Analyzing Koster

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"I'd rather not play than feel that inept, even if the other players are friends of mine."

Now I can relate to that statement made by Koster in Chapter 1 because no one ever wants to look like a fool or be the loser while playing a video game.  Come on, we all have laughed at and teased the player who cannot learn the controls fast enough to keep up with the others or repeatedly dies in action.  Games are supposed to be fun, right?

Koster nicely takes on the task of explaining how games are fun and why they are important to all humans of all ages.  As a biologist, I especially appreciated Koster's in depth look at how our brains work.  Koster makes the statement that "when our brains is really into practicing something, we'll dream about it."  My brain must really practice some things because I have dreamt about certain levels of a game, the chords of a Guitar Hero song, a particular fingering pattern of my flute music, and analyzing bugs!  Okay that last example had to do with my job, and it was definitely a nightmare.

I was glad for Chapter 3 when Koster delved specifically into games, and the many ways that games can become boring to us, losing the fun.  Koster's main definition of a game is "one that teachers us everything it has to offer before we stop playing."  So what are we really learning?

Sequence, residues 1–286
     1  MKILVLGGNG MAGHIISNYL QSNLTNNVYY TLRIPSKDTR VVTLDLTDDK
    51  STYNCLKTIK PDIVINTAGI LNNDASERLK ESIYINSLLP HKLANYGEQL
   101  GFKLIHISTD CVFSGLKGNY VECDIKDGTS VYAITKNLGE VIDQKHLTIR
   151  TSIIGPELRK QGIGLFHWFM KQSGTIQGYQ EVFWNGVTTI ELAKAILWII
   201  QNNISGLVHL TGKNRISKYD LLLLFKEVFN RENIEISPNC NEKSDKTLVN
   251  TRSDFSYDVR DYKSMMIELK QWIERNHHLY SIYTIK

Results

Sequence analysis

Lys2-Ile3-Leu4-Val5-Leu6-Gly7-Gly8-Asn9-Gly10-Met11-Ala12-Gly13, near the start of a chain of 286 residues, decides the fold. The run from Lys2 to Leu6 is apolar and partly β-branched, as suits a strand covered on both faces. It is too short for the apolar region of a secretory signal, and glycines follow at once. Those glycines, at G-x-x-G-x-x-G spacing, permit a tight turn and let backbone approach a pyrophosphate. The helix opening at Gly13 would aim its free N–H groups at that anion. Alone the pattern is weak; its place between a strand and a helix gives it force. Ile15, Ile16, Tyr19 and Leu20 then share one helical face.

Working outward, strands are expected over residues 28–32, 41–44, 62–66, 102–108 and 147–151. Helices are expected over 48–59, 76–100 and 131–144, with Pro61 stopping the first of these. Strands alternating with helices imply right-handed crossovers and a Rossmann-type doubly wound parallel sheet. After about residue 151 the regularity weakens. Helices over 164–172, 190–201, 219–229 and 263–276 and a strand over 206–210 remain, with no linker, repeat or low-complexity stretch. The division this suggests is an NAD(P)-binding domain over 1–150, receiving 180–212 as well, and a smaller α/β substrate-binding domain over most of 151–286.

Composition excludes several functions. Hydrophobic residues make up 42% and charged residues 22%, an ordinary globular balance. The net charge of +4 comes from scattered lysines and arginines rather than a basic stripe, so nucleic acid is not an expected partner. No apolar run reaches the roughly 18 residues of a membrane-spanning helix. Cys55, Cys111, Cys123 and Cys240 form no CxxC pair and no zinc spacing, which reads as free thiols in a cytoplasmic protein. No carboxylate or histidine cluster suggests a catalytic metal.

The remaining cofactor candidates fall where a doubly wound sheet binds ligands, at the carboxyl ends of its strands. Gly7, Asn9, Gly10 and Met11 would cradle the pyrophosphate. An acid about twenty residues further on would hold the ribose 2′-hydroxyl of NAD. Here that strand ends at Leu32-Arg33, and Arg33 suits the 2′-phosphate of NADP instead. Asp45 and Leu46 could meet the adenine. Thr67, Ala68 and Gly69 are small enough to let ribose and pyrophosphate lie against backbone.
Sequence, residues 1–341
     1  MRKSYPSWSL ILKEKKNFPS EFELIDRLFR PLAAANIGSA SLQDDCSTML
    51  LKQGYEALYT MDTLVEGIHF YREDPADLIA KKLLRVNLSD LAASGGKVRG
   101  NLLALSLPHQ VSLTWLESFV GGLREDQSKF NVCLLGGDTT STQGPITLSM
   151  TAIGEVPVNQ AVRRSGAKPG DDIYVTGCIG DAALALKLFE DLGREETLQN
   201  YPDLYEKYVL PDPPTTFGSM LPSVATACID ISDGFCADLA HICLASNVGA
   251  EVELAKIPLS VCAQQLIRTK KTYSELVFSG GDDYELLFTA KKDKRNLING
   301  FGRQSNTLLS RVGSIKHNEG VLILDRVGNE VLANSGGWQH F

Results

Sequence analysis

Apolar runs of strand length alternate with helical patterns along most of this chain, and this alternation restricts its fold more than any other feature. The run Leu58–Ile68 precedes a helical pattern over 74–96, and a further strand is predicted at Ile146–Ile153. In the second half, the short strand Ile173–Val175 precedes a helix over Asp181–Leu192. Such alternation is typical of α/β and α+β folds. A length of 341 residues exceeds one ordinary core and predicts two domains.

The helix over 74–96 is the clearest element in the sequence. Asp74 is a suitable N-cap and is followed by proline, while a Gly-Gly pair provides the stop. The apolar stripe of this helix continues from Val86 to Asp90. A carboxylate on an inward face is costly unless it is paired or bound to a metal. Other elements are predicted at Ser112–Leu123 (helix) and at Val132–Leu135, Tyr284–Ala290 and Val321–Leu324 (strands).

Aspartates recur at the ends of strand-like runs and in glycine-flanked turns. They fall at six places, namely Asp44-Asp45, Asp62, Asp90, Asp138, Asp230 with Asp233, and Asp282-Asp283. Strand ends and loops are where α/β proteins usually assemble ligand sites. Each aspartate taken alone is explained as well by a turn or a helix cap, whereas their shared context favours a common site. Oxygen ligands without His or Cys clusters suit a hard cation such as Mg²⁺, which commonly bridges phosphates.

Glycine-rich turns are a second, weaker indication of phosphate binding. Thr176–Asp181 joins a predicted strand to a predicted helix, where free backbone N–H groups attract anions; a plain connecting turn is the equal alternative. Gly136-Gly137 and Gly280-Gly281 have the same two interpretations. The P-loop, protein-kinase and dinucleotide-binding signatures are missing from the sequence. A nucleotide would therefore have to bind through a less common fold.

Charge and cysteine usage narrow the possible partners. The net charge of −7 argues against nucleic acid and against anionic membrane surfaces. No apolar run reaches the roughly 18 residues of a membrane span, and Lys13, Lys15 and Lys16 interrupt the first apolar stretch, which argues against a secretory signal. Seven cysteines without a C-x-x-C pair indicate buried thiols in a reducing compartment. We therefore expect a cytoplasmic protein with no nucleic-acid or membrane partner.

See what everyone else is saying about Koster here.


Jessie Krehlik said:

I know exactly what Koster's talking about in chapter 1...I just joined Xbox Live for the first time, after avoiding it for years like the plague. My reason? I don't like losing, and I KNOW I don't stand a chance against all those hard-core gamers out there in cyberspace. My first experience proved me right...I died at least a dozen times, and no one would talk to me. Epic fail.

You asked, what are we really learning, and I wish I had a solid answer to that. For the majority of this book so far, I've been kind of wishing he would focus more on video games rather than just games in general. I understand that he's trying to show us that video games are no different from board games or imaginary games, but still. It'd be nice if he'd get a little more into it, don't you think?

Matt Takacs said:

"When our brain is really into practicing something, we'll dream about it."

If it's true, then how do nightmares fit into that theory?

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